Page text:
Progress and Worldwide Experience with Screening for AF in 2017

John Camm, MD

Strokes are why we screen for Afib. Compared to other causes for stroke, Afib strokes have a poorer outcome and recovery. Fifteen million people worldwide have a stroke every year! As in Dr. Singer’s presentation, screening for Afib may reduce those stroke numbers. There are four methods to screen:  systematic (everyone gets screened), community (everyone living in a specific area gets screened), high risk populations (those with risk factors for Afib), or opportunistic (right place, right time). There have been over a dozen trials across the globe to test different screening methods for Afib. Which is method is better? After reviewing the study data, there are two recommendations:  Opportunistic, where a full minute pulse or ECG is done on every patient older than 65 during a clinic visit, and Systematic, where ECGs are considered for those older than 75 or those with a high stroke risk.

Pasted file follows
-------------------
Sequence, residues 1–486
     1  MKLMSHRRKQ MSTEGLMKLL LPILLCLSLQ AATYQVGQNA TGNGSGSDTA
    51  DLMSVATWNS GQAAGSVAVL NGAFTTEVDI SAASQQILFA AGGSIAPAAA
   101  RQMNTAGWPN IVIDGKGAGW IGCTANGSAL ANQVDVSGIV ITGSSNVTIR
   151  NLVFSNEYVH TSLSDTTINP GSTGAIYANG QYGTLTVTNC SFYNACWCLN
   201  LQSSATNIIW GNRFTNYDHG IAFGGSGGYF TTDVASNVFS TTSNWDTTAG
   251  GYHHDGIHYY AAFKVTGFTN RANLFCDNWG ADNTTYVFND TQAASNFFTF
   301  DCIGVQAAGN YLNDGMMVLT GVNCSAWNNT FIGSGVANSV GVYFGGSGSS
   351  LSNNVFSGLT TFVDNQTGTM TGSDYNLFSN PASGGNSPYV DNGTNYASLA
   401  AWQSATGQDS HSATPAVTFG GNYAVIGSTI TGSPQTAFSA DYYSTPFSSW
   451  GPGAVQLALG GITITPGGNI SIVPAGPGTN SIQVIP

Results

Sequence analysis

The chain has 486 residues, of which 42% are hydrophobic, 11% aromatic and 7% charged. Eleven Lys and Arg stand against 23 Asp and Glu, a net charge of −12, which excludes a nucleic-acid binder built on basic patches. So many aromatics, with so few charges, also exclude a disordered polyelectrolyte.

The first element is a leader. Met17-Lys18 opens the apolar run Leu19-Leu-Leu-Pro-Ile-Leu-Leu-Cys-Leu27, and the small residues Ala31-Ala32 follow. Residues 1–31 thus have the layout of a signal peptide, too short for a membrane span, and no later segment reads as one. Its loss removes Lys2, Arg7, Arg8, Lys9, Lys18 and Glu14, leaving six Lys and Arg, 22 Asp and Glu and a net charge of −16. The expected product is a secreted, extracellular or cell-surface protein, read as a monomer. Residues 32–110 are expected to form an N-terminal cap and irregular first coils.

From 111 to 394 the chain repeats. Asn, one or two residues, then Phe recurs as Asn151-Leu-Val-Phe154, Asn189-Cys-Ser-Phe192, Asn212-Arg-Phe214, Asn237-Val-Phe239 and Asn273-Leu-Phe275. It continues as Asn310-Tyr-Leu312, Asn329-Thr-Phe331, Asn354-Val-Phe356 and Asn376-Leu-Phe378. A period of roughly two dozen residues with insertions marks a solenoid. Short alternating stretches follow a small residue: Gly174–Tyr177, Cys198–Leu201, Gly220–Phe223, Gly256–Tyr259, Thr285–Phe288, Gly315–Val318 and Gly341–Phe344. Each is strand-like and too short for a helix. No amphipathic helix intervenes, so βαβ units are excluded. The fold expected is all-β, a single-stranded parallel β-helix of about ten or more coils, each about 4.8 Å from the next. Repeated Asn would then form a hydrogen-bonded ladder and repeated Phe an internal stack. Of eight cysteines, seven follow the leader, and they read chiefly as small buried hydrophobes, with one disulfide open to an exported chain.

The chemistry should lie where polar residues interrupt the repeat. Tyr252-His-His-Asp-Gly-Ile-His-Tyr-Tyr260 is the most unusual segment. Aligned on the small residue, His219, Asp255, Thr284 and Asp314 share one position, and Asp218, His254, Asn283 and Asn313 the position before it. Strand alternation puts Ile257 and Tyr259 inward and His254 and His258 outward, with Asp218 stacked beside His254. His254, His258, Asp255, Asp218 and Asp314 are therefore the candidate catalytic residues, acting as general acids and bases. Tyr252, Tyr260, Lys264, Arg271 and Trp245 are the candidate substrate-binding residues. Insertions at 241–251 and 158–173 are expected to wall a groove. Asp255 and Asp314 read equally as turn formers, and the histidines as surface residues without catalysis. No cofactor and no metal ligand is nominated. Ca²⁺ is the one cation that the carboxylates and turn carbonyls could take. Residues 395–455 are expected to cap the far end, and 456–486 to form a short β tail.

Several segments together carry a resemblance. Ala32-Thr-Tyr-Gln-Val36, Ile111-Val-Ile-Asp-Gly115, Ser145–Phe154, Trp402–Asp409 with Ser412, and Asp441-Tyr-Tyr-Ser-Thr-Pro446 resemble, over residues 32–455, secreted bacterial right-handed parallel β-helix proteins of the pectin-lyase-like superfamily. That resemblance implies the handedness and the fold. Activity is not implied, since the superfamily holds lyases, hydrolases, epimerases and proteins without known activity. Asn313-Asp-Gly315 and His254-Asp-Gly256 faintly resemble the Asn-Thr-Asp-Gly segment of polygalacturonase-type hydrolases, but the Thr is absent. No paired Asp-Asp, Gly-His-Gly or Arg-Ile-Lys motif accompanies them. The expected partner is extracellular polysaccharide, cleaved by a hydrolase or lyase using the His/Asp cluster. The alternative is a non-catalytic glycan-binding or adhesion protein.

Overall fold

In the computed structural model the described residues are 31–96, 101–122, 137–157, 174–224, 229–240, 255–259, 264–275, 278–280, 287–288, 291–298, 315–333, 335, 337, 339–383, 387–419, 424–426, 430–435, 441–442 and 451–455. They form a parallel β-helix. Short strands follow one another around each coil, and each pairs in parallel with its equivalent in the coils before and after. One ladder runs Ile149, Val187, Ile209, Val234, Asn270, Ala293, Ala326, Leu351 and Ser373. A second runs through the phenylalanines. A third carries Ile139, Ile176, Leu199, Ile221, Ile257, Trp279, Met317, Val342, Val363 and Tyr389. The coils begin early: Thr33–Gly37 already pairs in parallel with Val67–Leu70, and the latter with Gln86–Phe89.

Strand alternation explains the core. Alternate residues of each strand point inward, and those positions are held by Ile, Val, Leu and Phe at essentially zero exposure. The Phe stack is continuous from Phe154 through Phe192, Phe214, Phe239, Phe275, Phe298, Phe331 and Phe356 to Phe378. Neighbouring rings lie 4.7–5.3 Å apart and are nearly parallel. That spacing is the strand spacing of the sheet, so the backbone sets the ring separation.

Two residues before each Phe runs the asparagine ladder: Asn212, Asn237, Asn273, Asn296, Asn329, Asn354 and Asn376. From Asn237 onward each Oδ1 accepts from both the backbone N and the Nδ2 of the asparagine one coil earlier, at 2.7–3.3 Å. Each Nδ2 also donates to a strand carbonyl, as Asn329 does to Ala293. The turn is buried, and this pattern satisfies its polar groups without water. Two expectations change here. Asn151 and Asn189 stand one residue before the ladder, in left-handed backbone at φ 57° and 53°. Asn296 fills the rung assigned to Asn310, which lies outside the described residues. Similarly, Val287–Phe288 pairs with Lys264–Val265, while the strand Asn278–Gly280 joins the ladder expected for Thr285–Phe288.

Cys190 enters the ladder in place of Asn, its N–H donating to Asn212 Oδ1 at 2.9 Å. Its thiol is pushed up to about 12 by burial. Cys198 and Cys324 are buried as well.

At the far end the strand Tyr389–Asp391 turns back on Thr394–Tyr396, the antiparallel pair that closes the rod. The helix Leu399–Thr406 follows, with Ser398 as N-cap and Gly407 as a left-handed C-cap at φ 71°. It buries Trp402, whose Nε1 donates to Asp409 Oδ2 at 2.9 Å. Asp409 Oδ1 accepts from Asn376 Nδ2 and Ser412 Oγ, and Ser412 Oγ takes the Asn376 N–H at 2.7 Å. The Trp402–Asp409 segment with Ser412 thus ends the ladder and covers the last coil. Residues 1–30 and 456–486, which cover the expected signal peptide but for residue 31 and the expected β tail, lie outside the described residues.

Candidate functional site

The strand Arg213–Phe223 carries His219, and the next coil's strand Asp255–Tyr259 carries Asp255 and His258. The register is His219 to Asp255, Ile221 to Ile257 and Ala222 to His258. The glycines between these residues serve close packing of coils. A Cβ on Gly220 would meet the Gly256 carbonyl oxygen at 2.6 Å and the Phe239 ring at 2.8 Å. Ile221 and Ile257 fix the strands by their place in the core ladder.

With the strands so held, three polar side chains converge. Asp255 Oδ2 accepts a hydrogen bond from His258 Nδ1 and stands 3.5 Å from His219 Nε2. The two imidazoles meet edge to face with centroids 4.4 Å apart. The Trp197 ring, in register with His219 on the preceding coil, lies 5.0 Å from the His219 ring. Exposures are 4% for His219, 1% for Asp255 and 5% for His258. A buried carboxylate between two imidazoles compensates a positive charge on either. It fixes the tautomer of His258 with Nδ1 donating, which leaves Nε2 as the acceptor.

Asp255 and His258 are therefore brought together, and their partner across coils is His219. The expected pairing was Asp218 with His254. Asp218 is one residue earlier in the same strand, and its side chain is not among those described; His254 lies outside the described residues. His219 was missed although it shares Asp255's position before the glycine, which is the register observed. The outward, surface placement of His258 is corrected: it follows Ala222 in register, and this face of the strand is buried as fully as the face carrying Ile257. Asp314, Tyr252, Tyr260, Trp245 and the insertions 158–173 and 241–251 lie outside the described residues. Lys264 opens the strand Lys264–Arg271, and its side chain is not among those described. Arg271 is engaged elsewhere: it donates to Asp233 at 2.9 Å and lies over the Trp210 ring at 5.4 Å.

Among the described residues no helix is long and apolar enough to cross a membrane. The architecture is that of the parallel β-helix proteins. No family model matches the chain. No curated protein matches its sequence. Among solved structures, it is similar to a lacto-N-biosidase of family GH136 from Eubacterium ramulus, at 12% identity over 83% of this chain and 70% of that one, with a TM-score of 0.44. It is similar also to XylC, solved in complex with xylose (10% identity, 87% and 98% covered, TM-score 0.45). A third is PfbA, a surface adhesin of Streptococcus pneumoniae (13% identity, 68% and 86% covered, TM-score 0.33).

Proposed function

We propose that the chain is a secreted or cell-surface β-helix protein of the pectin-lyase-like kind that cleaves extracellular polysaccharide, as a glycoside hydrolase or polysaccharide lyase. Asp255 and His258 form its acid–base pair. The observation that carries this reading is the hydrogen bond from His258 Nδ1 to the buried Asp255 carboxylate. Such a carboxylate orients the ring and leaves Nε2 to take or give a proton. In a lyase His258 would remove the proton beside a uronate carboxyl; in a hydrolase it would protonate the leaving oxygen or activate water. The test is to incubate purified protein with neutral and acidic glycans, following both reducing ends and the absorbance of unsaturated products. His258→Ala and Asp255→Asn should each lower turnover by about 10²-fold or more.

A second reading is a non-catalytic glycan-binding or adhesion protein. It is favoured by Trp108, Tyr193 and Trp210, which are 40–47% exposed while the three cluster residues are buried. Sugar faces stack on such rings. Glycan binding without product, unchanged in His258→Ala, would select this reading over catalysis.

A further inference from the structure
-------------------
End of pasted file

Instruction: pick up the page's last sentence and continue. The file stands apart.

Update on the Epidemiology of AF and Significance of Transient AF

Emilia Benjamin, MD

(AF = AFib.   AFI DALY = AFib Disability-Adjusted Life Year, aka the costs, burdens of AFib)

Afib is a growing, global disease. With over 6 million Afib cases in the US and China along with 4 million in India, it continues grow. We also need to take into account how AFib-related strokes and costs impact countries with a lower reported incidence of Afib as well. A systematic review of 30 clinical trials and 122,571 global patients of all ages (not just those over a specific age) with a single ECG or pulse was conducted. Results from 8 of these studies showed that 18,189 Afib patients over 65 were previously undiagnosed and at high risk of stroke. Looking at a Swedish study, the conclusion was ‘the longer you screened, the more Afib was detected.’ We still need to narrow who to screen and for how long. It may also help with other health issues such as heart attack, heart failure, dementia, kidney disease, and clots.

Device Detected AF: What is the Stroke Risk and When Should Anticoagulants Be Used?

Or

Risk of Ischemic Stroke in AF:  Paroxysmal vs Permanent AF

Daniel Singer, MD